Joan Miro, Testa di fumatóre, 1925
oh my, another i can’t reference… i’ll try harder

Another hall of modern-ists (not official title)

Salvador Dali, Allegory of an American Christmas, 1943
Jackson Pollock, Untitled, 1946
Continue reading Museum: Toyama Prefectural Museum of Art and Design, 2019 (a sampler)

Train Station posters & signs, various and etc / Shinkonryoko Ramble, 2019

Along the way on our shinkonryoko (honeymoon) slow travel ramble, we rode all sorts of trains which are documented in various ways throughout this archive.

While the trains get all the glory, the stations and ticket counters are also interesting – *Just* the day-to-day essential services provided without grandeur or acclaim.

sign board at Okayama station getting ready to hop Shinkansen (bullet train) towards Shin-Osaka – enjoyed the 14:20 time check

What follows are simply a few snaps of posters and signs spotted around train station for amusement, inspirations and recollection with minimal annotations (due to explanatory nature and/or misremembering). Nothing special (except in the sense everything is special).

oh be careful!
besides the commuter & high-volume/speed people-movers, are also tourist/scenic trains
besides the commuter & high-volume/speed people-movers, are also tourist/scenic trains
at Tokamachi station, there was a great gift shop (loaded up) and this regional goods and sights inspired quilt

Note: this collection was well expand as i come across more items which fit this “posters and signs etc from stations” milieu, consider yourself advised :)

Artifacts: Europe Ramble, 1992 / 3 photos, 1 item

Artifact: Germany, 1993, Stuttgart with Jerrod “Spanky” Rowan on tour with Bad Yodellers

There was a time I went to Amsterdam with one way ticket arriving with $220 in a variety of currencies and travellers checks plus an emergency (entirely useless) $100 Canadian bill tucked into my boot, a backpack with an inadequate sleeping bag, butane camp stove (somehow allowed on the plane), a cooking wok (surprisingly versatile), comically coloured outdoor gear purchased at various close-out sales and 2nd hand shops, and other sundry items, but deliberately did not take anything of value including a camera – instead took a sketchbook which is filled with poetry, doodles and other whatnots, and a watercolour pad in which I produced several paintings.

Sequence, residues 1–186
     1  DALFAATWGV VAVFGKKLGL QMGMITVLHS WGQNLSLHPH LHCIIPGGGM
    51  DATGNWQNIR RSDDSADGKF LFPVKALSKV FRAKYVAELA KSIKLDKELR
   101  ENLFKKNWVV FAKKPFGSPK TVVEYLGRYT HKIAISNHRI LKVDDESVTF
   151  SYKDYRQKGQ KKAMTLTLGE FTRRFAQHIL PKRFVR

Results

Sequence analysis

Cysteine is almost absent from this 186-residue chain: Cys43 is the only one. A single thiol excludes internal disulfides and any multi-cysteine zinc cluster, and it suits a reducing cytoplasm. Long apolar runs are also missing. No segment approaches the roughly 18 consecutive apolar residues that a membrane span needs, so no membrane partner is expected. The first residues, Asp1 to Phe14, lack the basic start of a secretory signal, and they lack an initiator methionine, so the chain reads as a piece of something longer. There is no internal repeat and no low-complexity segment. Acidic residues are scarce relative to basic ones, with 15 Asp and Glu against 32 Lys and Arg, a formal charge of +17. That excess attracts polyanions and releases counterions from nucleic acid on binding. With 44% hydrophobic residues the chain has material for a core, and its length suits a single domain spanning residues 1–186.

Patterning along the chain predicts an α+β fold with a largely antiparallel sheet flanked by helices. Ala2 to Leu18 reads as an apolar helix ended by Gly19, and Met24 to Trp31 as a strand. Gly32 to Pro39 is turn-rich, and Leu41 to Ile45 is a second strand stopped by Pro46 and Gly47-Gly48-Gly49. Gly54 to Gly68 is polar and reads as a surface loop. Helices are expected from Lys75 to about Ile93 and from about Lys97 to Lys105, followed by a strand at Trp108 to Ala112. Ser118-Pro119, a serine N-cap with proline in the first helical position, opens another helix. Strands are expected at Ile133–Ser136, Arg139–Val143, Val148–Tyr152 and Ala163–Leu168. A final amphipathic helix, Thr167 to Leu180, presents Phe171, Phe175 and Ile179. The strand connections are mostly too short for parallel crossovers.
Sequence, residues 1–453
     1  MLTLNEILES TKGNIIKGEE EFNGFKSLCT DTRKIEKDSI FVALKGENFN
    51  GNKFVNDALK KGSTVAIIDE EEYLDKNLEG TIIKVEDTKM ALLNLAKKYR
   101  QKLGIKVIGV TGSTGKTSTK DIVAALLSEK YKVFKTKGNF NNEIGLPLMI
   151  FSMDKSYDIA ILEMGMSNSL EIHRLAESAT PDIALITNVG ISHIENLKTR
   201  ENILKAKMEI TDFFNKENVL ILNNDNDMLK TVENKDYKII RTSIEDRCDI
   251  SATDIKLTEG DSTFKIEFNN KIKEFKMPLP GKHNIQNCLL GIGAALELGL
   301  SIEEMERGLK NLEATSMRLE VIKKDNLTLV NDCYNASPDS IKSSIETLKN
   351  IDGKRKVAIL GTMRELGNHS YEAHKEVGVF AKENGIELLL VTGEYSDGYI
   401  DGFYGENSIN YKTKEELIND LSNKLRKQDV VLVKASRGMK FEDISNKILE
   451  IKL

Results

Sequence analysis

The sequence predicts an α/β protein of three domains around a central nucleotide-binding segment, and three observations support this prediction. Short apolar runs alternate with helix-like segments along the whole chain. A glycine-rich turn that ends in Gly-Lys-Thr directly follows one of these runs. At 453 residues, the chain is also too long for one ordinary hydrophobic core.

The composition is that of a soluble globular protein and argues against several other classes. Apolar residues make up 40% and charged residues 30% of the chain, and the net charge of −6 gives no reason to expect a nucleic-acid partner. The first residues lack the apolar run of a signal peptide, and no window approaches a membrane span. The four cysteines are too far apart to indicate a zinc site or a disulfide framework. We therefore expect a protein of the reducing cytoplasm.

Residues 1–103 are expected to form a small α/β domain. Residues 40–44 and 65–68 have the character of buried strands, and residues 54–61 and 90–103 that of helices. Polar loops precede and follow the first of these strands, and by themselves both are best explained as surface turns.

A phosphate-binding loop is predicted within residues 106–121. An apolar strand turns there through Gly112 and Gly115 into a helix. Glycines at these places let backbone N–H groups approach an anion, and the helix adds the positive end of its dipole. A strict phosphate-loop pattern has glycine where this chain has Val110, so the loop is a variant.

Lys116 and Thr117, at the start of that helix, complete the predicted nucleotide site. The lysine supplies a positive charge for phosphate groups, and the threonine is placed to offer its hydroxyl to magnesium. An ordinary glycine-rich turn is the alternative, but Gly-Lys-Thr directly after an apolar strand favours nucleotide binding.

As you might expect, I got up to many adventures by sticking out my thumb and ending up coffee shops, barns filled with drying ganja, a Gwar concert, being a “roadie” who didn’t do anything whatsoever of usefulness for the Bad Yodeller’s ill-fated tour, got deathly ill at Oktoberfest in Munich and related ridiculous campground. 

Then down to last few Deutsch Marks (noting pre-Euro), ended up meeting old pal Trevor in Rheinpfalz area where we embarked on fun nights in dungeons, bars and ruins, wandering forest with a giant dog called Bongo gathering chestnuts to sell in the endlessly adorable village of Rhod unter Rietburg and picking grapes – noting we were on different work crews and I fortunately got on the slacker team which included frequent breaks for wine and smokes and abundant cheese and bread and wine at the end of the day – including a couple of bottles to take back to stay warm in the tent/hayloft.

Then, after sleeping in haylofts and tents, partying at new wine festivals #secrets, a visit to hospital for a pal who couldn’t fly over ramparts and a ride with 7 crammed into a Citroen 2CV, we received our pay packets (after some trepidation thinking that any day we would be shook down by black-gloved immigration officials for illegal labor) came a hitchhike back to Amsterdam for usual unusualness, then a bus to Belgian for a ferry to England then a stretch in London which was cold wet and miserable, expensive and prone to bad decisions then via an dodgy credit card, somehow ended up in Miami in the wake of Hurricane Andrew. Following was even more ridiculous adventure of a drive-away car to Dallas, and rather shockingly we survived but, I digress…

All this is to tell you that: I have two photos and one wine label from Germany and one photo from London taken by a lovely Canadian girl we knew from “home”. 

Artifact: Evidence of London, “tourist photo” by Jenny Corrin (i was wearing Trev’s belt which i lost along the way, later replaced with another purchased in Jamaica)

There are several wonderful watercolours you can find elsewhere in this archive, as well as a “static montage” collage of ephemera Trevor created for me.